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Quirky fun for adults and kids to have together
June 17, 2010 12:14 PM   Subscribe

Analog Amusement Filter: Looking for creative quirky artsy ideas for indoor amusement with/and without kids. But I'm looking for something new, for ideas that cannot be found in any of those "one billion kids craft/fun/game/activity" type books. Further specs inside.

I live where the sun blazes mercilessly from morning til evening and telling the kids to go outside to play is not practical. Letting them vegetate in front of various screens all afternoon is not healthy as a long term solution either. I need analog indoor amusements -- hands and head engaged -- that inspire a sense of adventure, exploration, creation, or accomplishement.

My kids are 6, 7, and 10. I want to schedule some activities with them. Alternatively, I want to do some actvities myself that my kids will find so interesting they will either want to help with it or watch it unfold. (This is a key strategy I use to engage my kids -- start something fun and different to do myself that will accommodate help or participation from the kids when/if they get interested.)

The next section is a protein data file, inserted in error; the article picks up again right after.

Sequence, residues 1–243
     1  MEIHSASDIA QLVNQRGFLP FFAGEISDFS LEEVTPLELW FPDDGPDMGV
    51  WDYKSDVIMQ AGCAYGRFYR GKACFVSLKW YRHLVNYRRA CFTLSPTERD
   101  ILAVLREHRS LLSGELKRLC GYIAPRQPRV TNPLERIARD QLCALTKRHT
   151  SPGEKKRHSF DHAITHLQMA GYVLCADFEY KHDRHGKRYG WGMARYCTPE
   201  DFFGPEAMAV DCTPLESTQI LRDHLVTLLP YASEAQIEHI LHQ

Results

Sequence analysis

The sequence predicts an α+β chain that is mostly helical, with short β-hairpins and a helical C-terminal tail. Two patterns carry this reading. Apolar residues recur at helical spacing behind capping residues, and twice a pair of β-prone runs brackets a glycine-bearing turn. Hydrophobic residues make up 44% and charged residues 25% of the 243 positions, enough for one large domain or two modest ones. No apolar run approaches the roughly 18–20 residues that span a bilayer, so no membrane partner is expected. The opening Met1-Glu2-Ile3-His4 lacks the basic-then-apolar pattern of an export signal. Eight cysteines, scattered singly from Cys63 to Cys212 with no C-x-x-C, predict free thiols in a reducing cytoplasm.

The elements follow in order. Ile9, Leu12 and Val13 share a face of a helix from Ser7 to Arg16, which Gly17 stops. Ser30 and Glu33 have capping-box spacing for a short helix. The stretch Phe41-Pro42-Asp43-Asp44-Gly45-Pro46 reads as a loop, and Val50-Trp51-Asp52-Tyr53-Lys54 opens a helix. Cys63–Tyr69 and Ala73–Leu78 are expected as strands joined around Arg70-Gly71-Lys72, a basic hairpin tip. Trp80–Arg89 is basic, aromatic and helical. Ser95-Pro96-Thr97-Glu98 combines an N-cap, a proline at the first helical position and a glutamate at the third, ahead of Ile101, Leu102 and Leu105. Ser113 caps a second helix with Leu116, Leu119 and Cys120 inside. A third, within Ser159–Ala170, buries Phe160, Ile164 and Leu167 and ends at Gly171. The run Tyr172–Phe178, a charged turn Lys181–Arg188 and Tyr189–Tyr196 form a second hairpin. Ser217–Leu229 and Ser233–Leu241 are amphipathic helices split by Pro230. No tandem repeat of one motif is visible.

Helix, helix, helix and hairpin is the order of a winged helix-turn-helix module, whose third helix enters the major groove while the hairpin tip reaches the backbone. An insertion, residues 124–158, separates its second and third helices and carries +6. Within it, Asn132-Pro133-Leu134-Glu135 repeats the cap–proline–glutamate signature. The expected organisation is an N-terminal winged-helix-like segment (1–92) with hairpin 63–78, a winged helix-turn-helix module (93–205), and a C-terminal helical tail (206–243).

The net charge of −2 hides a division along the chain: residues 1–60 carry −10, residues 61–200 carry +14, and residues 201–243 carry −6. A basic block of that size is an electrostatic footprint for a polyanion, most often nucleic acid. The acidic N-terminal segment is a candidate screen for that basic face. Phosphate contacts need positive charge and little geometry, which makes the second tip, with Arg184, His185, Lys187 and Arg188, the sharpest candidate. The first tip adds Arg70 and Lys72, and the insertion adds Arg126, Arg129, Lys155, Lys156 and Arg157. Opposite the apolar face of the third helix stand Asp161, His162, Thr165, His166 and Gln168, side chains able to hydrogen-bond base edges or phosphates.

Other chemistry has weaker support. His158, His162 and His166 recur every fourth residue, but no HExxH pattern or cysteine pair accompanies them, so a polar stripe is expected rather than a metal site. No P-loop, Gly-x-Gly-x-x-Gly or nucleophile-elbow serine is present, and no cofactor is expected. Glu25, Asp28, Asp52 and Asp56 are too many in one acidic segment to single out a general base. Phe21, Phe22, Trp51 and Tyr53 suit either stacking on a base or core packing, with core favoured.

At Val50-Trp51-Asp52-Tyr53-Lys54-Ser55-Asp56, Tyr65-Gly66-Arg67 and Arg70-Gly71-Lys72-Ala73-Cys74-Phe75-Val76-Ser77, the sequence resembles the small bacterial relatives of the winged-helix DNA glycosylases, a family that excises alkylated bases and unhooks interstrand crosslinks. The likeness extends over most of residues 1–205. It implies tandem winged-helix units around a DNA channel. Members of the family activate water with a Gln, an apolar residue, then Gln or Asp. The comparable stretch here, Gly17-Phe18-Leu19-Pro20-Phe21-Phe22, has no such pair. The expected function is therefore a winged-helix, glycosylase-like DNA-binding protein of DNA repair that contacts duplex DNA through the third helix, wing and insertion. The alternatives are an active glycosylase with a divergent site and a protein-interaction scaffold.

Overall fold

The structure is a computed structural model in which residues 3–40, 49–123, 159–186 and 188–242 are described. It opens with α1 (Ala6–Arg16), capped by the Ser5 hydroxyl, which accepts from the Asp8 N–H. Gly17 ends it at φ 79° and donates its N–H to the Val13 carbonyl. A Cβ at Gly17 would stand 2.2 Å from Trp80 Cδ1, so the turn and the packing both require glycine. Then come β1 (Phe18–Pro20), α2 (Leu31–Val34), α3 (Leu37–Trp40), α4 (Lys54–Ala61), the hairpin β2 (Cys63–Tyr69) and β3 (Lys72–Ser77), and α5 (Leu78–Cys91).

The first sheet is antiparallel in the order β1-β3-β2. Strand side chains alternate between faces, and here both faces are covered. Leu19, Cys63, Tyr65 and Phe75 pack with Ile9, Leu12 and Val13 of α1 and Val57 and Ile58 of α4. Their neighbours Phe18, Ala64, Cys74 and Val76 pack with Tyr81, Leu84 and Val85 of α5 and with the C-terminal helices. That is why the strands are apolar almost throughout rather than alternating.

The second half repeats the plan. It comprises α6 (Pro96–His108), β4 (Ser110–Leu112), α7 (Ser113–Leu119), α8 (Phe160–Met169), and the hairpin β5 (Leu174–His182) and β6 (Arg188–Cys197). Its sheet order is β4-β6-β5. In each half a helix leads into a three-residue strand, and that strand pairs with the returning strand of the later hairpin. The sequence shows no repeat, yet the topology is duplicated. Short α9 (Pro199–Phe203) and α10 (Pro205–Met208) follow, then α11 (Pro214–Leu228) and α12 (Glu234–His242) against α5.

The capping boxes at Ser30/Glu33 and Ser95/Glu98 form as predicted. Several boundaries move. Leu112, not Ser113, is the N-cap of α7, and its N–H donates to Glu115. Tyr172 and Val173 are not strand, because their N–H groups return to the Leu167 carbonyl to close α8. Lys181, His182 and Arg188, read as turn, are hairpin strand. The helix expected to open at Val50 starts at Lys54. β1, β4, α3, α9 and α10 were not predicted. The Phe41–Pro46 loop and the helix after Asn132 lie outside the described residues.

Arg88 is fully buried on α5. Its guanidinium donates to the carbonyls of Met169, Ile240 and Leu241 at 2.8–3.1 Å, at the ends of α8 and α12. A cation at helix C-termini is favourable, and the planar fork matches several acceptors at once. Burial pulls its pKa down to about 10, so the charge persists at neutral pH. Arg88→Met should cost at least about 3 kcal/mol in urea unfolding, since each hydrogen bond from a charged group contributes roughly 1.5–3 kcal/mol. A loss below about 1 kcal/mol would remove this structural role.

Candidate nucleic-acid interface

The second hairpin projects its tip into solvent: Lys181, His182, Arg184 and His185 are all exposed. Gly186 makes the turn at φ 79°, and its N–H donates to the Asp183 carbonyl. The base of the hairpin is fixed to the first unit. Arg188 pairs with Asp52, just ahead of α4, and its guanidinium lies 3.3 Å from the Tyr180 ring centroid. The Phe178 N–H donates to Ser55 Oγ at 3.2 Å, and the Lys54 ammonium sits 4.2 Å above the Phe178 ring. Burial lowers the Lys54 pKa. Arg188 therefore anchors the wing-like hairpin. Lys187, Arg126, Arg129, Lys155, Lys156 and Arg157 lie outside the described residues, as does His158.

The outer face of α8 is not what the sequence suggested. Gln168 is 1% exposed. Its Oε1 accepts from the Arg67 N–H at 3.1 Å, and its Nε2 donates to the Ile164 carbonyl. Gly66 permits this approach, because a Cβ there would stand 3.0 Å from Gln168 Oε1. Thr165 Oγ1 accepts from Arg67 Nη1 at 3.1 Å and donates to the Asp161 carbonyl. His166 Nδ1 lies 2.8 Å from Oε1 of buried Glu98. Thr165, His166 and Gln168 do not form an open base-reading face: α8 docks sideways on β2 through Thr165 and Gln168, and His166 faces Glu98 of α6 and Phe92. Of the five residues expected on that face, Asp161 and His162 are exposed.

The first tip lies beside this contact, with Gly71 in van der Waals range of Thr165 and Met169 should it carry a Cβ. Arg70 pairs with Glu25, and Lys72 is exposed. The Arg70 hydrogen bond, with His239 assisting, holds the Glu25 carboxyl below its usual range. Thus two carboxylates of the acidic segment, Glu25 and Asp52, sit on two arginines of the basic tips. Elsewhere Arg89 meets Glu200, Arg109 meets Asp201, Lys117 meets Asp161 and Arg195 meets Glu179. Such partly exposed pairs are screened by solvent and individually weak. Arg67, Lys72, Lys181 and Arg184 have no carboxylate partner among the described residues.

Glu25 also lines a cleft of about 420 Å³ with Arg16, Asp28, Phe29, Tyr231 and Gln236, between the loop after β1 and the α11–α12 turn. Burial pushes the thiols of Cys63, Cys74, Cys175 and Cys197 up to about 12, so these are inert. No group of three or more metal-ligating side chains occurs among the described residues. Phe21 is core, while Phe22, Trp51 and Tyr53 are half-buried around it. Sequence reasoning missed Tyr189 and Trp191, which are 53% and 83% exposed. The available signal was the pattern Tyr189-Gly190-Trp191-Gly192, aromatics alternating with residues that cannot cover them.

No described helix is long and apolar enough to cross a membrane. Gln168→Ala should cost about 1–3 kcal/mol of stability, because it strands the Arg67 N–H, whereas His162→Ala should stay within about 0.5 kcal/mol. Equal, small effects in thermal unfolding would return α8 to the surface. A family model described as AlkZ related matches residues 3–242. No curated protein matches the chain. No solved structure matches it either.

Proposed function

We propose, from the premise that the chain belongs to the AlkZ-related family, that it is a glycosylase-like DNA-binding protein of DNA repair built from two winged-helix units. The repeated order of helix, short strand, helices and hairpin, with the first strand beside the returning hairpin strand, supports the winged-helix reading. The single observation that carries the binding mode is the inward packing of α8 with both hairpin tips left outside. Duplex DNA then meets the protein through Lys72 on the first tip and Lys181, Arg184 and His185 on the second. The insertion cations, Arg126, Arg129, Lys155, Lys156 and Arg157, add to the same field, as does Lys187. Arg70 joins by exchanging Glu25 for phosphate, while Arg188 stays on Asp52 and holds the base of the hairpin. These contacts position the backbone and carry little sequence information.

Futhermore, after four kids and a combined 29 years of school-level activities, I've had my fill of crafty junk and school project-ish effluvia. So, if this activity produces an artifact, then I want that artifact to be truly useful or inspire a "Cool!" reaction from an adult who is not biased because they know my kids. If it is an art project, I want it to look like actual art. If it makes a toy, then I want it to be a good toy that will amuse me and my kids for a decent while.

Knowing mine, and most other, kids, these would need to be activities that could be done with a 20 min to an hour attention span (with some pre-setup from me beforehand if necessary)

Of course, the simpler and cheaper the better, but some planning and setup is okay if the project is indeed cool.

So c'mon moms and dads out there, brianstorm some ideas. Also could use input from cool uncles and aunts out there as well. Especially like all the cool stuff you do with the kids "but don't tell your mother, okay?"